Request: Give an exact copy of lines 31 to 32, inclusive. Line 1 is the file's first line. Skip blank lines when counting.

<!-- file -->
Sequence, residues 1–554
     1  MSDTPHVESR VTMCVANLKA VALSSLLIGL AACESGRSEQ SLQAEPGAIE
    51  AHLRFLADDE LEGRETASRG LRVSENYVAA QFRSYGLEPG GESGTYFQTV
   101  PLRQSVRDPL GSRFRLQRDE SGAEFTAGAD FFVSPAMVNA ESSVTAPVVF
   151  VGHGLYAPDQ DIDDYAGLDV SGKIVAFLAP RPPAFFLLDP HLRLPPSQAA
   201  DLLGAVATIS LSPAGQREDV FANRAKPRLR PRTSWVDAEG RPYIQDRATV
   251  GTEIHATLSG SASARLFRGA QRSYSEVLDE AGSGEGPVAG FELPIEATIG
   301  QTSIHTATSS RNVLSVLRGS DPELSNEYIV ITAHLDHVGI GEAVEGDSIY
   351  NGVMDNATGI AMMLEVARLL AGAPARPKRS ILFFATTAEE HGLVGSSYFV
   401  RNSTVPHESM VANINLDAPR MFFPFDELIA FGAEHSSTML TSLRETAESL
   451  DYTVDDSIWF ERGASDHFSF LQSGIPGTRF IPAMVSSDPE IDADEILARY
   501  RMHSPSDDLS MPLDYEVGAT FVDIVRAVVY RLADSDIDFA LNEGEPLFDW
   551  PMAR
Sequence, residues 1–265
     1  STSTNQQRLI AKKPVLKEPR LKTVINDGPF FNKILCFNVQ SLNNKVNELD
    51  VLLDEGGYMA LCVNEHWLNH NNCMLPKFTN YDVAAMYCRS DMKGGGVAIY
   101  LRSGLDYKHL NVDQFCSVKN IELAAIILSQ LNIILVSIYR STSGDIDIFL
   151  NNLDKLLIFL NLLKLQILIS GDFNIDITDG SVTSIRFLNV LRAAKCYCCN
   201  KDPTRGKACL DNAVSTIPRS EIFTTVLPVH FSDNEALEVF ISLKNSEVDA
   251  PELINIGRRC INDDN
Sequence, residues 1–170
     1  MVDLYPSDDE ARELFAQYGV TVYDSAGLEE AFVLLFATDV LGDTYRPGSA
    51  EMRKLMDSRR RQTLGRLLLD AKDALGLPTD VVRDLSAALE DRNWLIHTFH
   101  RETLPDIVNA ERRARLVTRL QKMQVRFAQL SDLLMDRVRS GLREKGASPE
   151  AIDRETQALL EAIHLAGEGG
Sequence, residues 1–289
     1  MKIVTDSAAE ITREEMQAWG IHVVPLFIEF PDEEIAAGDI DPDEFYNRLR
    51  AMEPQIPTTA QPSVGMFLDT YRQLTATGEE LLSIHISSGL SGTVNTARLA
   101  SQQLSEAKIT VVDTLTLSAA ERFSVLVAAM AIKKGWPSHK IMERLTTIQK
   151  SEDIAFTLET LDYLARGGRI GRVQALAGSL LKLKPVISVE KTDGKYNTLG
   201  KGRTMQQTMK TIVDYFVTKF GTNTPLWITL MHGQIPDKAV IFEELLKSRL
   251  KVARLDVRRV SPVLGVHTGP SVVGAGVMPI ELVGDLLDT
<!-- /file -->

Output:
   201  KGRTMQQTMK TIVDYFVTKF GTNTPLWITL MHGQIPDKAV IFEELLKSRL
   251  KVARLDVRRV SPVLGVHTGP SVVGAGVMPI ELVGDLLDT